Business scams - examples

Further information for businesses about scams

Support publishing and advertising

In this scam, a business is offered advertising space in a publication associated with a worthy cause.

The causes could include:

  • charities
  • crime prevention
  • drug awareness
  • hospitals or emergency service staff

The type of publications may include:

  • booklets
  • yearbooks
  • diaries
  • calendars
  • magazines

The publishers sometimes make misleading claims about their connections with these causes, and some of the causes may also have been mislead into becoming associated with them.

There is no guarantee that the publication will be printed or find a relevant audience. Any charity donation made may only be a very small proportion of the overall revenue.

Business directories

This scam relates to a business being listed in published directories, electronic directories or on websites. You may get ‘official-looking’ documents from trade directories asking for details such as your website, email or other contact details. They can look like adverts for free listings, but small print could commit you to pay hundreds of pounds for an entry. It is worthwhile considering if you were a customer would you be more likely to turn to this directory or an established search engine.

Unsolicited goods

Sometimes scammers will send unsolicited goods to a business, and then after a period of time they will then send an invoice.  The goods are often business consumables and tend to be of poor quality and over priced. The type of goods can include stationery, generic printer cartridges and cleaning products.

One variation of this scam is where a rogue trader will supply legitimate supplies, but then later says a mistake has been made and there are still some items to be supplied.  A business may agree to the offer of the remaining goods and may also be given some vouchers or another item to make up for the supposed mistake. The goods do not arrive with an invoice and the business may use the goods. They then later receive an invoice for a huge amount, and even if they dispute the invoice are told to pay.

Bogus invoice scam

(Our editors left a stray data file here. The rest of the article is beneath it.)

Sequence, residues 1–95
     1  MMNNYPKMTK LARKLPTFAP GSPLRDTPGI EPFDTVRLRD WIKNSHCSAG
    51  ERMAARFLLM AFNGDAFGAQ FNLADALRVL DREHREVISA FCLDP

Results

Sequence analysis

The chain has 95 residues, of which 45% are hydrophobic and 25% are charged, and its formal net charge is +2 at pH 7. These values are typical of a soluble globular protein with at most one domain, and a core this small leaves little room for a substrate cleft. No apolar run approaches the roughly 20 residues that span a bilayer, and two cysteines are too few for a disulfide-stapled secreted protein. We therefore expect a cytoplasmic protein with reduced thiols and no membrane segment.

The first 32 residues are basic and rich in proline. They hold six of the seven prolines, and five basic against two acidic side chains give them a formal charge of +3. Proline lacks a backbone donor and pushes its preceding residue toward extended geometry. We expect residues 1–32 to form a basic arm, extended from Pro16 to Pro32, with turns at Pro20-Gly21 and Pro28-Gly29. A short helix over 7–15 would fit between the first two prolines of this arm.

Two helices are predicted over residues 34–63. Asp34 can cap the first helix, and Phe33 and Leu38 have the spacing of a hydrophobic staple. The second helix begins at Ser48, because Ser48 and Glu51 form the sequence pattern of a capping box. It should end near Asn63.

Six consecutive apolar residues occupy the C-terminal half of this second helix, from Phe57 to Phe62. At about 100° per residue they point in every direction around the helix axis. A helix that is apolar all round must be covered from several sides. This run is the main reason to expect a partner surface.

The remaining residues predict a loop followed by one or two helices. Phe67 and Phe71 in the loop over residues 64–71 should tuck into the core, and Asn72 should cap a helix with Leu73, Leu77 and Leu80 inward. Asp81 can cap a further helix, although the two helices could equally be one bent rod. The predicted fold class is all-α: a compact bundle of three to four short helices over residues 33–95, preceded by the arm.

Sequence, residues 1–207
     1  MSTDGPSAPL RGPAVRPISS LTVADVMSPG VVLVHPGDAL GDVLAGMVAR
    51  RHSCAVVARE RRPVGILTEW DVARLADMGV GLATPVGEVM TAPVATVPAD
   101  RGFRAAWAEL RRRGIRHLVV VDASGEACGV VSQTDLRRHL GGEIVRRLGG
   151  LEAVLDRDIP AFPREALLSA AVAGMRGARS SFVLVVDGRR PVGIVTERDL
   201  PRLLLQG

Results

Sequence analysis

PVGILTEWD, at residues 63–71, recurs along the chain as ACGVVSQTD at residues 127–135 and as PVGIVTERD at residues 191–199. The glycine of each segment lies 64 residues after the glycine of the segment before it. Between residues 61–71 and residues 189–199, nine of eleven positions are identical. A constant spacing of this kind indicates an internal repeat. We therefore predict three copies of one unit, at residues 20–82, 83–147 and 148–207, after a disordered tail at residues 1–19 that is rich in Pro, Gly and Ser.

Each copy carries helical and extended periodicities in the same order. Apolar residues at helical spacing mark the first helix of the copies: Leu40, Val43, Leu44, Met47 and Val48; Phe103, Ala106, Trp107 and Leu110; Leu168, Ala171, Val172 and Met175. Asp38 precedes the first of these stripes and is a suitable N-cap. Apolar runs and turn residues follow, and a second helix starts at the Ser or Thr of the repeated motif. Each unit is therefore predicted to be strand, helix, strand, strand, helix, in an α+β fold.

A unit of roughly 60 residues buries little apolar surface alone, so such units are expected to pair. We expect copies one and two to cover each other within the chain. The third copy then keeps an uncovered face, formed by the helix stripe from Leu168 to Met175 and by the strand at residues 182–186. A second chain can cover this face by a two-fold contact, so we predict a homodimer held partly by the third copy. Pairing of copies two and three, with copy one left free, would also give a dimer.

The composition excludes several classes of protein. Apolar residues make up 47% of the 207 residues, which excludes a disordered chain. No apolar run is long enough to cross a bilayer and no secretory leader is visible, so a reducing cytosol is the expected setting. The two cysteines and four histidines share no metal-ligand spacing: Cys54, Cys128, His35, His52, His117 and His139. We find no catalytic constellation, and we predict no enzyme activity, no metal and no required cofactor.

One of the simplest of scams is that without any previous contact, bogus invoices could be sent to a business. They may be for goods that do not exist, fictitious services or adverts in publications that do not exist. Although this type of scam is very hit-and-miss, some victims pay the invoice without question.

Leasing scams

This type of scam will often involve a personal visit from a sales agent, and the target business is persuaded to sign up to a contract for a combination of goods and services in connection with a lease on expensive equipment. 

The type of goods may include:

  • telecommunications equipment
  • computer equipment
  • photocopiers

The services may relate to the usage and/or maintenance of the equipment.

Initial prices appear to be very attractive, but the victim is mislead as to the extent of the commitment they are signing up to. They can often end up being tied to long-term lease agreements which can be very expensive to escape, and end up with poor quality goods or equipment.

Unnecessary services

Another area for scammers involves the provision of services in relation to regulatory requirements. Many businesses need licences and approvals, or need to file reports and returns with official bodies as a regulatory requirement.

The easiest and cheapest way to meet these requlatory requirements is to deal directly with the body concerned.  Often there is no charge at all to notify, register or supply information in accordance with a regulatory requirement.

There are many scammers who would not only offer a paid service to do this type of work for businesses, but also give the impression that they are doing so through an official channel.  They may write official-looking letters making references to legislation and penalties, and demand information and payment. 

A variation on this type of scam relates to services that a business may choose to use, and where the additional services of the scammer are unnecessary. An example of this could be registering with the Corporate Telephone Preference Service.

If you need help with completing an official process it is a good idea to contact your own advisors, for example an accountant or solicitor. You can also contact the official body concerned directly.

Investment scams

This type of scam can target individuals who run successful businesses or private investors.

They encourage individuals to buy into high-risk investments with the promise of exceptional investment returns.

These investments may include:

  • shares in small, high-growth companies
  • precious gemstones and metals
  • fine art and wine

Some of these investments can be real, but the investor is not made aware of the true risks associated with it. In other situations, the investment does not exist at all.

Advance-fee fraud

In this scam the scammer may pose as a business wanting to buy high value goods from a company. They sometime use the identity of a valid company. Goods are known to be delivered, but then payment is never made.